Monday, July 16, 2012

The Spinners

The Spinners were unarguably the signature sound of Philadelphia soul in the early 70s when Gamble and Huff (and, in the case of The Spinners, Thom Bell) ruled the airwaves.

The Spinners were also a Motown group. For all its amazing success, its ability to change the sound of R & B, the keep to world dancing, and to propel so many groups to superstardom, Motown’s inability (or unwillingness) to do anything with The Spinners is one of those mysteries of life, especially given the success the group had on Atlantic. The irony is that just about the time that the Motown sound was dissipating, the guys in Philadelphia were cementing a style that was just as monolithic, and just as popular, as what Motown had done during the previous decade, and The Spinners, for whom the Motown machine did not work, were the biggest recipients of its largesse.

Their Tri-Phi and Motown sides come from Superstar Series vol. 9, and their Atlantic sides come from The Best Of Spinners.

The Spinners:

It’s A Shame – This was their Motown breakthrough, such as it was, reaching number 14 on Billboard, rendering it a somewhat limited breakthough. The song was pure Motown, a style that was quickly disappearing as artists like Marvin Gaye and Stevie Wonder declared their artistic independence. The song itself is an expression of frustration with someone who just doesn’t pay enough attention, and while the lyrics are resigned, the delivery is anything but. One of the best dance tracks the group ever did. From the fall of 1970. 
We’ll Have It Made – A song of romantic optimism. The group couldn’t capitalize on the popularity of Shame - not surprisingly, as this record doesn’t have anywhere near the spunk. From the winter of 1971.
Truly Yours – A troubled relationship, her written salutation notwithstanding. This is from 1966, and it was on the R&B charts, bubbled under the pop charts.
Together We Could Make Such Sweet Music – An afterthought. In the wake of the group’s success on Atlantic, Motown released this, and it snuck its way into the top 90. That was really all it deserved. That was in the spring of 1973.
What More Can A Boy Ask For – How about cash...
I’ll Always Love You – This reminds a bit, but just a bit, of The Isley Brothers. It was The Spinners’ first real success after Motown bought out the Tri-Phi label that they were signed to, reaching the top 40 in the summer of 1965.
For All We Know – Not The Carpenters song. This is an old Tin Pan Alley song (written by J. Fred Coots and Sam Lewis, if that helps) that was recorded by more artists than you can shake a stick at, best know by Dinah Washington and Nat King Cole, but if you want to hear it done right, listen to Billie Holiday.
In My Diary – The title of this track could refer to the entire oeuvre of Jackson Browne, in his better days. Here it’s more of a title than a reality.
Message From A Black Man – And the message is: We are just as capable of singing race-conscious songs as The Temptations or James Brown or Sly & The Family Stone or Edwin Starr. They weren’t though.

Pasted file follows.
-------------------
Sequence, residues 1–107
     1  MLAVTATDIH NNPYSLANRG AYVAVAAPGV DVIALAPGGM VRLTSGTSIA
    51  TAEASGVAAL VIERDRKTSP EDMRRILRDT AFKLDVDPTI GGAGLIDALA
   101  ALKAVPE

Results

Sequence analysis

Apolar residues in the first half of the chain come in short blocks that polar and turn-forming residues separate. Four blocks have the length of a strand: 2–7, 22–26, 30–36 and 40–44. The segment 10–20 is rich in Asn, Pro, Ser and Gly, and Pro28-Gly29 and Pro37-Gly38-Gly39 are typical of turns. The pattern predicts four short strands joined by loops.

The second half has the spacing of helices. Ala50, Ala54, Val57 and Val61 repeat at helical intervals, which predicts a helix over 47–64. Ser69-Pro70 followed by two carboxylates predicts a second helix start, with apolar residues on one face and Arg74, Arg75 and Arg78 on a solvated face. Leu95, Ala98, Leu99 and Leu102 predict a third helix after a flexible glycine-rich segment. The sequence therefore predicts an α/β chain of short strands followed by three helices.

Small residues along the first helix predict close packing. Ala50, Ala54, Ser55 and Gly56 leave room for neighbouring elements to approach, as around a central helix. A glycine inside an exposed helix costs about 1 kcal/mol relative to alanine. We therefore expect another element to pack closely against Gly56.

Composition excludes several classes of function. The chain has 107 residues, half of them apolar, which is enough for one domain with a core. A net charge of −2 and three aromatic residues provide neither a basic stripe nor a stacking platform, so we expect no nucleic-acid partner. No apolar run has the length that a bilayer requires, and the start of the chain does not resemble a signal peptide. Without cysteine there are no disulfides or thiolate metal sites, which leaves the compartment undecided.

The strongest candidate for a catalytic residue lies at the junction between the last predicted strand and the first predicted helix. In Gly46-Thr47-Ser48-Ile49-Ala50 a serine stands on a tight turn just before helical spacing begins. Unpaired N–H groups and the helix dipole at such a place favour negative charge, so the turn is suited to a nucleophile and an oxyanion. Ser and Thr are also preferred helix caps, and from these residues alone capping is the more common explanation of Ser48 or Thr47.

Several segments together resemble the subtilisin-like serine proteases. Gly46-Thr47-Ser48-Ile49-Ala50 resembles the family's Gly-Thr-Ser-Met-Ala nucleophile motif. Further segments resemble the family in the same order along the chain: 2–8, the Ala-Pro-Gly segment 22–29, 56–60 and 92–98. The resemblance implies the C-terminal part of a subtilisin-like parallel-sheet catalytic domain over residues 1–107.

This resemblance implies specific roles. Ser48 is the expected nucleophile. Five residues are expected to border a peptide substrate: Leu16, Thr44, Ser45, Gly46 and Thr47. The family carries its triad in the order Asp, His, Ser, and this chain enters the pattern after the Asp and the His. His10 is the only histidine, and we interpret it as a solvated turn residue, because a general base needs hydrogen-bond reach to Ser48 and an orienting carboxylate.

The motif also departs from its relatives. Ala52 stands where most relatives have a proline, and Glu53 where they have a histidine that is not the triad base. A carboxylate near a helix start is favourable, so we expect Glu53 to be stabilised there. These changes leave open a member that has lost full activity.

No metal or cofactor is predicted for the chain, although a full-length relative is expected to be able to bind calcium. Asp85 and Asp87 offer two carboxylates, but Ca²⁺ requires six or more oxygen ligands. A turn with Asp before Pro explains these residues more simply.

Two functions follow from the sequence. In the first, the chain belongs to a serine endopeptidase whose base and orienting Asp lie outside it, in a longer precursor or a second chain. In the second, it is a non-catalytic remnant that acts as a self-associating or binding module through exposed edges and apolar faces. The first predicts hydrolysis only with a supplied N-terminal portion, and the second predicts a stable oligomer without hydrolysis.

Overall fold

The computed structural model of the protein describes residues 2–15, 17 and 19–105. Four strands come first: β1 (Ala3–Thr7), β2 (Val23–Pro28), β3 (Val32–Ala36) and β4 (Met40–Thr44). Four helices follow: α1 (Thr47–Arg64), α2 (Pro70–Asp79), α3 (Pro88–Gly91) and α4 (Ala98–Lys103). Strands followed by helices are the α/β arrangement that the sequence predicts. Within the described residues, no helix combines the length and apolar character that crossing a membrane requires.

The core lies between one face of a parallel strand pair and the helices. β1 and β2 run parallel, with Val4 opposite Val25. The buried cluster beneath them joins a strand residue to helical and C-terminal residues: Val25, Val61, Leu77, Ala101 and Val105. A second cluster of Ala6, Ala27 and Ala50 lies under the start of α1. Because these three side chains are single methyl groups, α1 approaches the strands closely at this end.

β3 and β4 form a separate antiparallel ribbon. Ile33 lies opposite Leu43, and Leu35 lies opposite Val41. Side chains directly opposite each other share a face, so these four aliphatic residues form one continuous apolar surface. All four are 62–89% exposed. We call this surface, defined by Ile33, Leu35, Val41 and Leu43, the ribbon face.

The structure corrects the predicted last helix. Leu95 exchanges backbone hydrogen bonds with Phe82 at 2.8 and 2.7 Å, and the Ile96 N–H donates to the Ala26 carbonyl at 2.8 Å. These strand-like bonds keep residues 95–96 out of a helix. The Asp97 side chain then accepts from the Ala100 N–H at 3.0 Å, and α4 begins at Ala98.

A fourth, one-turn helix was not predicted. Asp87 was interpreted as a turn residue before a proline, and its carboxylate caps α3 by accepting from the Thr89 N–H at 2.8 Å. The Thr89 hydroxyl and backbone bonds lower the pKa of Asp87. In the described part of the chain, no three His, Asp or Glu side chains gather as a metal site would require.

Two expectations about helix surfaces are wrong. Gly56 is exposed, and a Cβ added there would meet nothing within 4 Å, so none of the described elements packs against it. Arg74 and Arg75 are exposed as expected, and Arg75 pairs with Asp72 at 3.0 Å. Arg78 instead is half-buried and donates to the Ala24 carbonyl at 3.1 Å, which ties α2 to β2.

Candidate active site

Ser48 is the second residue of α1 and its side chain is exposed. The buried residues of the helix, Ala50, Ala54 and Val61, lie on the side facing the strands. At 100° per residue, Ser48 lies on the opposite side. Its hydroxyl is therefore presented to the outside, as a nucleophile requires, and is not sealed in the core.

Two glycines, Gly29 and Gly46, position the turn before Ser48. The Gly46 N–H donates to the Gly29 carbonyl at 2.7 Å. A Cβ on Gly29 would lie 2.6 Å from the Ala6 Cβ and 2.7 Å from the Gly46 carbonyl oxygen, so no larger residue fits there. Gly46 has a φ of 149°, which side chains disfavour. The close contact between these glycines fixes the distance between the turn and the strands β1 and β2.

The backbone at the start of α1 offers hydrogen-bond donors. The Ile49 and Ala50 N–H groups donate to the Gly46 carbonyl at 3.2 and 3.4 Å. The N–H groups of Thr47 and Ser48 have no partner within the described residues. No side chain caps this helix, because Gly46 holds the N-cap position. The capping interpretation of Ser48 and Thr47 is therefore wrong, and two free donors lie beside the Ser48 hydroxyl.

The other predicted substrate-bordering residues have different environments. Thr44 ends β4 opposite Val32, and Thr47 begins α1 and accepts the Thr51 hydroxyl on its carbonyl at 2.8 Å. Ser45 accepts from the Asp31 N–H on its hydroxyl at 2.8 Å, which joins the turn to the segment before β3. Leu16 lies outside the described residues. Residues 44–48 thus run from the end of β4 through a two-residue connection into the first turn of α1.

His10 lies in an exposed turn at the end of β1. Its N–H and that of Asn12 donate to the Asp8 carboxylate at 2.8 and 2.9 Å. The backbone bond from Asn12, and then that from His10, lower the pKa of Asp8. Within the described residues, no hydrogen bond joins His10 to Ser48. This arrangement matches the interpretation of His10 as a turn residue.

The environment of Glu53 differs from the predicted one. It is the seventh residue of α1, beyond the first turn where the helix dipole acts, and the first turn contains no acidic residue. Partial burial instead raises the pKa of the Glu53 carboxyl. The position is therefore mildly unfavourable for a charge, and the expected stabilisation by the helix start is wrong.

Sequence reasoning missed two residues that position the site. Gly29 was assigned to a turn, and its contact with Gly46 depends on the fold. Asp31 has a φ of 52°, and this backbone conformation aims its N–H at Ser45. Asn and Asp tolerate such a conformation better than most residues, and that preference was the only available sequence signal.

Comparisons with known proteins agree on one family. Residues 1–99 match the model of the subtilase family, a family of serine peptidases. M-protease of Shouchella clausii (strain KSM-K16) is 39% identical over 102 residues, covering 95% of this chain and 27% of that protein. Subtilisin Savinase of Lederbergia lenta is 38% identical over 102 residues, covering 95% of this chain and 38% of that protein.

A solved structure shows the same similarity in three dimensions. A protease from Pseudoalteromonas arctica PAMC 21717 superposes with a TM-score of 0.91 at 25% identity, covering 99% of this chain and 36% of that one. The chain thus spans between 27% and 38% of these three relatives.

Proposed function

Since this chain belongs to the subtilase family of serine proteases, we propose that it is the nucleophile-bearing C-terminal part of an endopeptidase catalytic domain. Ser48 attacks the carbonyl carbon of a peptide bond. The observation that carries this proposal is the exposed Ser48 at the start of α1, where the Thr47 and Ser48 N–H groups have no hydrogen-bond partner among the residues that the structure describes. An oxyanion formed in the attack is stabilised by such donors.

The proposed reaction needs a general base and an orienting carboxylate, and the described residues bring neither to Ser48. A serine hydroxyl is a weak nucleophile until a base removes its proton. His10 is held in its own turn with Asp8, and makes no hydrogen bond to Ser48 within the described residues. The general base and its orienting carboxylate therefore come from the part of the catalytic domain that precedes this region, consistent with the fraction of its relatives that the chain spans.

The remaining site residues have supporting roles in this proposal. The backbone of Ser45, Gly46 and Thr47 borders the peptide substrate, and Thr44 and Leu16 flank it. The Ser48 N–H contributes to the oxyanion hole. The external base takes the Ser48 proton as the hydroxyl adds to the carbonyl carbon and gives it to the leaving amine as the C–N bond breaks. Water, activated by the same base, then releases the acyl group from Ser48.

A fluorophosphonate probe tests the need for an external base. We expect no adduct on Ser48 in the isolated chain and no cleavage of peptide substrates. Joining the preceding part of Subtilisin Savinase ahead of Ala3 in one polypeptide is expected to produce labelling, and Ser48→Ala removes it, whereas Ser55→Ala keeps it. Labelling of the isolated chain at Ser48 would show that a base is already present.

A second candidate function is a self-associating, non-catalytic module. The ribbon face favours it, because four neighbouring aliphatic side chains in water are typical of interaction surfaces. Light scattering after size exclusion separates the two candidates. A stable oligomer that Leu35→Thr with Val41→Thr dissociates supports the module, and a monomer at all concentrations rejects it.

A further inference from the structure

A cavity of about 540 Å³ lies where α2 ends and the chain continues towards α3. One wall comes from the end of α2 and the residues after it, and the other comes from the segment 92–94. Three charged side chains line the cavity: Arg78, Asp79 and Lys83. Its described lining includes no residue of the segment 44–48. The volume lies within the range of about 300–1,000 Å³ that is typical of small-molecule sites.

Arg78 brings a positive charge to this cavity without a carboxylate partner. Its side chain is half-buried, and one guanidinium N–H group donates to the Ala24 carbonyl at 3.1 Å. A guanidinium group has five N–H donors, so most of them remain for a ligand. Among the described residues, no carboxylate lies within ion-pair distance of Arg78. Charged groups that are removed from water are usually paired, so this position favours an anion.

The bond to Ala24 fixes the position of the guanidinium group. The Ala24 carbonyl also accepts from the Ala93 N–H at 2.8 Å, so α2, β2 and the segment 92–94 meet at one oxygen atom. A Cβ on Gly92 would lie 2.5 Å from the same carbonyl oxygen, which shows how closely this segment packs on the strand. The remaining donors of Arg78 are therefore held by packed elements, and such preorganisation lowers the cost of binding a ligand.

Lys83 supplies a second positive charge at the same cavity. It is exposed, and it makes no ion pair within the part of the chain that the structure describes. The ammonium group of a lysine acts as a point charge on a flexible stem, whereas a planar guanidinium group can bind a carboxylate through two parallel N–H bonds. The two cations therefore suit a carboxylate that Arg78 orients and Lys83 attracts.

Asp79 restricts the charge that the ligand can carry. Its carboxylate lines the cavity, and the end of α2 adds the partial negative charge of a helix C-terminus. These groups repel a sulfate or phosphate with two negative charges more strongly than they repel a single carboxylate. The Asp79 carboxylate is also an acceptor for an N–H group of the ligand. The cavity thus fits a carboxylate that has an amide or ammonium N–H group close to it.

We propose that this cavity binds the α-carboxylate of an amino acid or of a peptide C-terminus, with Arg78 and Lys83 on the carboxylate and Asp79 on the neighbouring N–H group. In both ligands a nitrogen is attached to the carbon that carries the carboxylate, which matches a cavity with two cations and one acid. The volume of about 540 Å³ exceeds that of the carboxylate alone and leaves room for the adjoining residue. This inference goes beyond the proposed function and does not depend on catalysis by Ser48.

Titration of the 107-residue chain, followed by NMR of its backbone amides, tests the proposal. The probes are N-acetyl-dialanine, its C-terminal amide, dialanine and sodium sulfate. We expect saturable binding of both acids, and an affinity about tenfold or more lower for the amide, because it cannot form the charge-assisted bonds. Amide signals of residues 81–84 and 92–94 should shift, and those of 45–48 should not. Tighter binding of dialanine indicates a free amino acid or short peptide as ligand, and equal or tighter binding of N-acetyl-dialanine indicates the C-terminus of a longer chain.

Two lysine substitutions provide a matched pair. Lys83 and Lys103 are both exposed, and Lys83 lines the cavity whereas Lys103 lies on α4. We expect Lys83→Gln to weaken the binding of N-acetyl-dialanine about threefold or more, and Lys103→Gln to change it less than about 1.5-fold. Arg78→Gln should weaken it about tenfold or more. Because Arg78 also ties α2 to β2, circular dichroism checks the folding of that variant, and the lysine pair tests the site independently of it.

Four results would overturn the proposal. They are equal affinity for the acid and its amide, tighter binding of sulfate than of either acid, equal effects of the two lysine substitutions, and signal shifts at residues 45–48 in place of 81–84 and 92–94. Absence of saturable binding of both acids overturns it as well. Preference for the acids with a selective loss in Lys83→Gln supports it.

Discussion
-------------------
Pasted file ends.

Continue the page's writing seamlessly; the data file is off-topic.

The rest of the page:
That’s What Girls Are Made For – The song that kicked off their career, a hit in the fall of 1961. Nobody sings songs about what people are “made for” anymore (outside of hip hop) and that’s probably a good thing. 
I’ll Be Around – On the surface this is some dude being the most selfless guy ever to get the brush off. Under the surface he’s still in there, hoping she’ll change her mind, especially once she gets a taste of that awesome selflessness. This is the song that kicked off their second career, and it did so in fine style. From the fall of 1972. 
How Could I Let You Get Away – From the fall of 1972, this was actually the A side of I’ll Be Around, but the DJs flipped the record, and this side didn’t quite make the big time.
One Of A Kind (Love Affair) – Don’t listen too closely and it’s a song about a fairy tale romance; listen though, pay attention, and it’s real messed up. In a way it could be another angle on I’ll Be Around. From the summer of 1973. 
Mighty Love – More straightforward, at least I think so, but it didn’t do as well. From the winter of 1974.
Ghetto Child – Social Conscience was always lurking somewhere around. The O’Jays did Backstabbers; this was The Spinners’ contribution. From the fall of 1973.
Sadie – A song about his mother. Just as well, “Sadie” is definitely a Mom name. From the spring of 1975.
Could It Be I’m Falling In Love – Thank goodness, a bona fide love song. Dave Marsh says that this is Phillipe Wynne; Wikipedia says Bobby Smith. I have no idea really, but whoever it is, Marsh is right that the background singers are not The Spinners, being female. From the winter of 1973. 
They Just Can’t Stop It (Games People Play) – The title is reminiscent of Joe South, but South presented musical sociology; The Spinners are singing about dysfunctional romance. From the fall of 1975.
The Rubberband Man – The group sings about dancing (actually about a Michael Jackson – type performer), while sitting on the disco fence. From the winter of ’76 / ’77.
Then Came You – The group’s only number 1 hit, and they had to enlist Dionne Warwick to get it (her only #1 also). From the fall of 1974. Good dance tune.

No comments:

Locations of visitors to this page